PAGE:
Page 1
Page 2
Page 3
Page 4
Page 5
Page 6
Page 7
Page 8
Page 9
Page 10
Page 11
Page 12
Page 13
Page 14
Page 15
Page 16
Page 17
Page 18
Page 19
Page 20
Page 21
Page 22
Page 23
Page 24
Page 25
Page 26
Page 27
Page 28
Page 29
Page 30
Page 31
Page 32
Page 33
Page 34
Page 35
Page 36
Page 37
Page 38
Page 39
Page 40
Page 41
Page 42
Page 43
Page 44
Page 45
Page 46
Page 47
Page 48
Page 49
Page 50
Page 51
Page 52
Page 53
Page 54
Page 55
Page 56
Page 57
Page 58
Page 59
Page 60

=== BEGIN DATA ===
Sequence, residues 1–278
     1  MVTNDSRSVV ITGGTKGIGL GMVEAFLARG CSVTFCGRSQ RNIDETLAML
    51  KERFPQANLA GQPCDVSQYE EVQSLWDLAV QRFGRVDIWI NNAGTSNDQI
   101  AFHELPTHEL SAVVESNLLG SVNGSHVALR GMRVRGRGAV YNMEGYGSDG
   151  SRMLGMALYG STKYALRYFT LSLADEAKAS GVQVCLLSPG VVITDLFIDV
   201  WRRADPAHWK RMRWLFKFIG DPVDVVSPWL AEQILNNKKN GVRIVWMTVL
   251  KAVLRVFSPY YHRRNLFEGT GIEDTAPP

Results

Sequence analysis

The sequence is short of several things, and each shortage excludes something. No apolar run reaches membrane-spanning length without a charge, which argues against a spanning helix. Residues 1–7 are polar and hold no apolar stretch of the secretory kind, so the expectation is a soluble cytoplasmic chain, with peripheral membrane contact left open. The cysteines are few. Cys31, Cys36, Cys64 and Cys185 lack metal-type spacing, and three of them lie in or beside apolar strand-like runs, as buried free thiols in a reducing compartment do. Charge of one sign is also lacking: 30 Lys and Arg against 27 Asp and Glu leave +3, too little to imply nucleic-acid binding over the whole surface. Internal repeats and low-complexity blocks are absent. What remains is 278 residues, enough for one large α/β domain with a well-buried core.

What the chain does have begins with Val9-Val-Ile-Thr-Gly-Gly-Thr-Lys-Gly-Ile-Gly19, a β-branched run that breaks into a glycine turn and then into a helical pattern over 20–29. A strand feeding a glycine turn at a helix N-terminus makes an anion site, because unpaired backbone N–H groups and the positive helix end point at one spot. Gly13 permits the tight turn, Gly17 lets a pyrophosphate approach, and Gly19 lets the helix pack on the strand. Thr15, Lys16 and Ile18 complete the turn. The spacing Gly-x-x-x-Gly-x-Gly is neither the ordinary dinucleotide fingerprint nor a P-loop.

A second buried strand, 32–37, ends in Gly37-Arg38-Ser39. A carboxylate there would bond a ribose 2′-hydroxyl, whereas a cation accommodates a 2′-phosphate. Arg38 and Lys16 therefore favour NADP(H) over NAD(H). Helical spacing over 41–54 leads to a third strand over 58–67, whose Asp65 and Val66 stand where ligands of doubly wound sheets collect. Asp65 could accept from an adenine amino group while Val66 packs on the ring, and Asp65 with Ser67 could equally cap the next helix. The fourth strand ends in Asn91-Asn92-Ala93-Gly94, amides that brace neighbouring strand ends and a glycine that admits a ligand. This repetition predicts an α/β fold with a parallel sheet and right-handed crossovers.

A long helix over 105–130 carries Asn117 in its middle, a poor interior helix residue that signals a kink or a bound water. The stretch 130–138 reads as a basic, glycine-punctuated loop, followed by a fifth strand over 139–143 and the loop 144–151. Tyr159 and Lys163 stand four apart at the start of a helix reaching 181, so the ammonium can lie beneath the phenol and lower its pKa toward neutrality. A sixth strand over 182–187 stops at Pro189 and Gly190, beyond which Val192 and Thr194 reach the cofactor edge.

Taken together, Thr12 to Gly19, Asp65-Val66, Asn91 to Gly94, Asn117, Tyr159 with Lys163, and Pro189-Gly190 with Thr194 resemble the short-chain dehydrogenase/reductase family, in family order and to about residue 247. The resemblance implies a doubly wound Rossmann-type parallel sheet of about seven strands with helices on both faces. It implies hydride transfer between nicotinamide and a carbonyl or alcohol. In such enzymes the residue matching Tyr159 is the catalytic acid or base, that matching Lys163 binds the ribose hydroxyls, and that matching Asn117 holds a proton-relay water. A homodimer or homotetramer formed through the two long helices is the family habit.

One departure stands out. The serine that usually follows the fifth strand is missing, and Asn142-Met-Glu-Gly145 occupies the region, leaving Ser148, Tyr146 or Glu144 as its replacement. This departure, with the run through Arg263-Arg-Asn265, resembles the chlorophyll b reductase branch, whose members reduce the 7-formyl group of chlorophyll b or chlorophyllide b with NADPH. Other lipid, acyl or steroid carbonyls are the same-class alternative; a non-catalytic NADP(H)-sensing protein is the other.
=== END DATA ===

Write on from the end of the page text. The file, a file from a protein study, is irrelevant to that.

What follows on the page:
44 Jewish News Blazing their own trails by Salvatore Caputo That figure was up 29.6 percent from 2007. Those busi- nesses brought in 1.6 trillion in receipts and the 10.6 per- cent of women-owned firms that have employees employed 8.9 million people in the U.S. in 2012. Just for clarification women-owned businesses include firms that are at least 50 percent owned by a woman. As Amanda Brown the executive director of the NWBC said in a statement for Small Business Week The economic impact of women entrepreneurs is a topic that cannot afford to fly under the radar. Women entrepreneurs are significant contributors to our economy. As the short profiles collected on the next few pages show Jewish women in the Valley have started some very interesting enterprises in networking publishing retail and other industries. Their reasons for starting a business are varied but most often youll hear them express their desire to just go for it and make their ideas bear financial fruit by being their own boss. Others enjoy working out of their own home and hav- ing a flexible if quite often hectic schedule. We asked the women four questions 1. When and why did you start your business 2. What advice would you give other women interested in starting a business 3. How do you balance your business and your life 4. What influence does being Jewish have on your busi- ness Their answers follow. T here are 10 million businesses owned by women in the United States a milestone reached in 2015 according to the National Womens Business Council. In fact women-owned businesses are the fastest-growing segment of the small-business community. Women-owned firms made up 36.2 percent of all nonfarm businesses in 2012 the latest year for which statistics are available. Gelie Akhenblit FounderCEO NetworkingPhoenix Launched 2008 Why did you start Networking Phoenix I started attending a lot of networking events to meet others who might inspire me. I realized there was a huge need in the market for a calendar that housed all of the local networking events. Soon after quitting my corpo- rate job I created the rst version of our online calendar. Originally it was just intended to be used by me and my networking friends I wasnt even sure others would like it. What stemmed from a hobby and an idea eight years later is a national company. Advice My advice to anyone who wants to venture out on their own is to go for it. With all the resources available to business owners and startups theres almost no reason not to try it. There are resources all over the Internet and our local entrepreneurial ecosystem has gotten a major boost since the days that I launched. Pas- sion strong vision and determination are all factors that will yield you great results. On work-life balance Delegate to others. In business and personal life if theres a task that doesnt require my attention then Ill delegate it. That gives me more time to do the things that I need to do for myself i.e. get to the gym. Its important to rest and recharge and thats something I learned the hard way. Eight years into running my own company Im very selsh with my personal time and thats something Ive learned not to apologize about. On being Jewish in business In business its all about the people and how you treat them. My philosophy is that everyone needs to be treated with respect and kind- ness dicult situations need to be dealt with in an ethical manner. Much of my innate thought process comes from being Jewish and I believe that one of the reasons Ive found my success is because of how I treat people. women and business.indd 44 12216 1109 AM